There are a lot of confused people out in internet land when it comes to the apostolic sign gift of tongues (meaning “the spiritual gift of tongues as taught and practiced by the apostles in the era that they were establishing the church”), and not just laypeople. There are a lot of confused pastors, and a lot of confused scholars. This is one area where, I will be forced to admit, many people who are highly intelligent and skilled in the handling of scripture appear to recklessly toss their hermeneutics out the window and follow denominational/cultural pressure, testimonial evidence, and theological agendas that seem evidently self-serving. There’s division and confusion on every aspect of Tongues, even divided opinion about the nature of tongues in Acts 2:4-12:
4 And they were all filled with the Holy Spirit and began to speak in other tongues as the Spirit gave them utterance. 5 Now there were dwelling in Jerusalem Jews, devout men from every nation under heaven. 6 And at this sound the multitude came together, and they were bewildered, because each one was hearing them speak in his own language. 7 And they were amazed and astonished, saying, “Are not all these who are speaking Galileans? 8 And how is it that we hear, each of us in his own native language? 9 Parthians and Medes and Elamites and residents of Mesopotamia, Judea and Cappadocia, Pontus and Asia, 10 Phrygia and Pamphylia, Egypt and the parts of Libya belonging to Cyrene, and visitors from Rome, 11 both Jews and proselytes, Cretans and Arabians—we hear them telling in our own tongues the mighty works of God.” 12 And all were amazed and perplexed, saying to one another, “What does this mean?”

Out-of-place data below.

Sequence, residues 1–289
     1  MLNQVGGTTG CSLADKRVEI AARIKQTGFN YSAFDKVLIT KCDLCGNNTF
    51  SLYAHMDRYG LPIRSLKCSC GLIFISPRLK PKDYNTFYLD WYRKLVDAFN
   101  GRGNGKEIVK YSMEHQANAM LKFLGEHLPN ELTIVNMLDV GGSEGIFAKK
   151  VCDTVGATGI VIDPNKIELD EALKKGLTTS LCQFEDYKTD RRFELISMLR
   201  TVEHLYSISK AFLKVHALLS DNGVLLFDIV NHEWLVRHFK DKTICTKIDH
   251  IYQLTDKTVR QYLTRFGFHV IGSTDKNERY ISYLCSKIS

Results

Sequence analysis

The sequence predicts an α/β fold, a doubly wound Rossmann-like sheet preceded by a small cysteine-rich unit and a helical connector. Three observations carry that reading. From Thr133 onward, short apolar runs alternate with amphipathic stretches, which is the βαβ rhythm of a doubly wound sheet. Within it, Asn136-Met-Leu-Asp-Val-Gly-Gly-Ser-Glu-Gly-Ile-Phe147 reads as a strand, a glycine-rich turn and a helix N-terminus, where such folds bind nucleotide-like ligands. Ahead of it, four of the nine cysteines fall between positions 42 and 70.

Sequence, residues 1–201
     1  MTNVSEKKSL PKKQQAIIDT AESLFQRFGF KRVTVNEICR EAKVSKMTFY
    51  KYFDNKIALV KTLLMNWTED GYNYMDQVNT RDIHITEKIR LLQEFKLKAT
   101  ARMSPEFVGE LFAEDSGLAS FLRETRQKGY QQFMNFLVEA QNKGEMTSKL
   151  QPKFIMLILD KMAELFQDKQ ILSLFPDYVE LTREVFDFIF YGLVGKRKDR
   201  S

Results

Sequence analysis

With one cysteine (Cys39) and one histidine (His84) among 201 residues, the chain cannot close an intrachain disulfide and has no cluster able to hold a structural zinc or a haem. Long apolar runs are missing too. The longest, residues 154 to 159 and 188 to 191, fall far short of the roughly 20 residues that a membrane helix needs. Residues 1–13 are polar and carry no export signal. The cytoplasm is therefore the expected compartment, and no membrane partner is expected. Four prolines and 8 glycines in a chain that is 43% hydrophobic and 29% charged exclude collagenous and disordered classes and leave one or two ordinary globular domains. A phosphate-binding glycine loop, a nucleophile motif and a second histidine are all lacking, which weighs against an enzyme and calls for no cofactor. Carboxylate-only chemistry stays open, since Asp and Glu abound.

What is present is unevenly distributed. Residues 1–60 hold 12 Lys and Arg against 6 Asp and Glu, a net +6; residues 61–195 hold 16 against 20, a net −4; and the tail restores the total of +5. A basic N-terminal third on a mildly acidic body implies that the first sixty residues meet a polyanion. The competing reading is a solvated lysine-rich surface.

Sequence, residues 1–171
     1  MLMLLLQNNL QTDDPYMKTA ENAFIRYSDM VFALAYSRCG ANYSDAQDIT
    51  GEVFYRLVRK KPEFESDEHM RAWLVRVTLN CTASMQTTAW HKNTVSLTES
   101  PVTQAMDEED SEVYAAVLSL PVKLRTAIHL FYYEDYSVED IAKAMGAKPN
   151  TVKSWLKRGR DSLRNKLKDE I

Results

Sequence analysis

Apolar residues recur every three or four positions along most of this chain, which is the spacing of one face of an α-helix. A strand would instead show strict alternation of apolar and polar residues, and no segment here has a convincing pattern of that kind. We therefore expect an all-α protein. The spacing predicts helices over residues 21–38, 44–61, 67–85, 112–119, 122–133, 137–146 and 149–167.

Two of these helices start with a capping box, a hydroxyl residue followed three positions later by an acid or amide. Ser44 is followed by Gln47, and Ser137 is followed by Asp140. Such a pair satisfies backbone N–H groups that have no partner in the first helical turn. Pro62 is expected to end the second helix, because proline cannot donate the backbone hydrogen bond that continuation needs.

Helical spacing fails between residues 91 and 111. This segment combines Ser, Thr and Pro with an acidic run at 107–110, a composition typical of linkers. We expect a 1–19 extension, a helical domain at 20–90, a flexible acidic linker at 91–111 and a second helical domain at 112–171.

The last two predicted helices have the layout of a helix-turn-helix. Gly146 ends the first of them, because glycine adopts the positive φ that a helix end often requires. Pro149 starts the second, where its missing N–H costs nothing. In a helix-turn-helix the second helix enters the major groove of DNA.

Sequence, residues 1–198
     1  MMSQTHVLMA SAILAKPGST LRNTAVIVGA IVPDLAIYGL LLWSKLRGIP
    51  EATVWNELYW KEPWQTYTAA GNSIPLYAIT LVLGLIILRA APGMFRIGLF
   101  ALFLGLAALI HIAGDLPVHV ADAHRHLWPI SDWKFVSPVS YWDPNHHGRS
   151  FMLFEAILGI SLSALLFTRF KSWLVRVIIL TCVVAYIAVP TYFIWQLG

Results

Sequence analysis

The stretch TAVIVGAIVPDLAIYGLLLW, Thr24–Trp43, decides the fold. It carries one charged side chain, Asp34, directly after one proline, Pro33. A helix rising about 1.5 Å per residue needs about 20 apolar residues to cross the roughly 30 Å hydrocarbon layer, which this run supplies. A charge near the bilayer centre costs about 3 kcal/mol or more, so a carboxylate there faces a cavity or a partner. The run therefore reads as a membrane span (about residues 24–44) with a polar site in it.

Now let’s make a few observations:
– vs. 4 tells us that the speaking in tongues (though we don’t know what that means yet) was a work of the Spirit; the Spirit was the one doing the speaking through them.
– vs. 5 tells us that the audience who heard the tongues was composed exclusively of Jews who were devout and from all throughout the nations.
– vs. 6 tells us that as these devout Jews heard the sound of the “speaking in other tongues”, they assembled around it and when they got there, they were bewildered (i.e. confused, disturbed in their minds) because each individual Jew heard someone speaking in his own language (the Greek here is dialektos, meaning “regional dialect”. This isn’t just a generic language, but a regional accent as well. The Spirit not only made the tongues-speakers speak another language; he made them speak it like a local).